Wednesday, June 22, 2011

Eat Your Heart Out Doogie Howser...Autum's Coming!

With all the stressful news these days about the plight of our youth and the downfall of education, it is nice to hear a wonder story.

Autum Ashante will walk onto the campus of the University of Connecticut. She will attend orientation, gather all her books from the bookstore and pour over her class schedule. She may have to ask for directions to lecture hall and she may even gain the "Freshman 15" (or in my case it was the "Freshman 25") from an overabundance of late-night pizza. As a matter of fact, the only difference between Autum and the other freshmen will be that she is ONLY 13.

The Pelham Parkway teen has been accepted at the University of Connecticut, where she plans to study medicine. "I know it's going to be hard, but I'm excited," she said. Autum will move to Norwalk, Conn., with her father, Batin Ashante, later this summer, to be close to UConn. "What she's doing is groundbreaking but this is not about vanity," he said. "It's about setting the tone for other black and Latino children who will come behind her. They're always being told they are underachievers. We want to show this can be done."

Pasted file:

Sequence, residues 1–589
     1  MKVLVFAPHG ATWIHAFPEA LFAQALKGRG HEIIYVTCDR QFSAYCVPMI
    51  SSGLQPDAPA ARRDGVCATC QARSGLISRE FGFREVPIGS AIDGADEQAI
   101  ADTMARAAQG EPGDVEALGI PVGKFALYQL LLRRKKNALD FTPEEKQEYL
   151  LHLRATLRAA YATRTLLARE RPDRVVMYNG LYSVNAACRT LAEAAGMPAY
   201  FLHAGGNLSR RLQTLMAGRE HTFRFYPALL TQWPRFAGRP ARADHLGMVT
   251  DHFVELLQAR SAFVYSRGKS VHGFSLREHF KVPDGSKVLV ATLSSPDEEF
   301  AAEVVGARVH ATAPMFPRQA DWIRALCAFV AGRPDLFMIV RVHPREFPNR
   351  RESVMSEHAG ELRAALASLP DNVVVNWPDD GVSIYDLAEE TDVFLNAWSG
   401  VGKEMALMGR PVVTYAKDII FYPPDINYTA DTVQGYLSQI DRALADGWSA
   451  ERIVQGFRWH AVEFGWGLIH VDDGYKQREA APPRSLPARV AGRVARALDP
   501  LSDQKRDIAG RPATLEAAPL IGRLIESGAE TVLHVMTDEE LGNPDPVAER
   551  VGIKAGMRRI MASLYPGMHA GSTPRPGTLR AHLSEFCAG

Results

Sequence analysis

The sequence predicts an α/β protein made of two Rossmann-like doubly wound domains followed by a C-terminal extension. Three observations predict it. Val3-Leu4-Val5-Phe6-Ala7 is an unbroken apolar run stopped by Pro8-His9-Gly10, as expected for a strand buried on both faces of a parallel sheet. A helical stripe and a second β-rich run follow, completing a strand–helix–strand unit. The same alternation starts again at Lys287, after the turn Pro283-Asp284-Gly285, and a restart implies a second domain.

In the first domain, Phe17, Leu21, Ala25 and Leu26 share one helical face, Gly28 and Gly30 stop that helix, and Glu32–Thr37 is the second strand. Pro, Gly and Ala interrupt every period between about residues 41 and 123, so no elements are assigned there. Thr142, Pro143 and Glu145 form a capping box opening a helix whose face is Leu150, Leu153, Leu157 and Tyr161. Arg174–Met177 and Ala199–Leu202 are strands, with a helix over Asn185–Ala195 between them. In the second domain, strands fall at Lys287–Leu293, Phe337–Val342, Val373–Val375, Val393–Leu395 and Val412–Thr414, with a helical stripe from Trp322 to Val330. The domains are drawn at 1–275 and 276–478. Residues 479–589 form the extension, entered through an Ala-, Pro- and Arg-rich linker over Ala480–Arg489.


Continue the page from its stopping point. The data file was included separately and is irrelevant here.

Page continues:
She could walk at 10 months old; she could read at age 2 and by the time she was 3, she was writing and performing poetry. By age 8, she reportedly had an IQ of 149 (the average college graduate has an IQ score of 115).

Ashante, a single father, chose to home-school his daughter and sought out retired teachers from the community to help tutor her. Autum, who speaks Arabic, Swahili and Spanish, has never set foot in a classroom, but that's all right with her.

"My dad always says 'the world is a classroom.' I got to go places and do different things, so it never really is boring," she said.

As a mother, I definitely feel the burn that society projects to make my kid a prodigy. We have everything from Your Baby Can Read to Baby Einstein in my house. Anything to get that edge over the other students when NuNu goes into grammer school. But I have to admit, I have learned a lot about life by my social environment. The jury is still out as to whether a completely home schooled book immersed education is the best for a productive well rounded person in society. Not to say I'm not proud of little Autum. I just wonder how she will perform socially when she enters University of Connecticut. I wish her the best.

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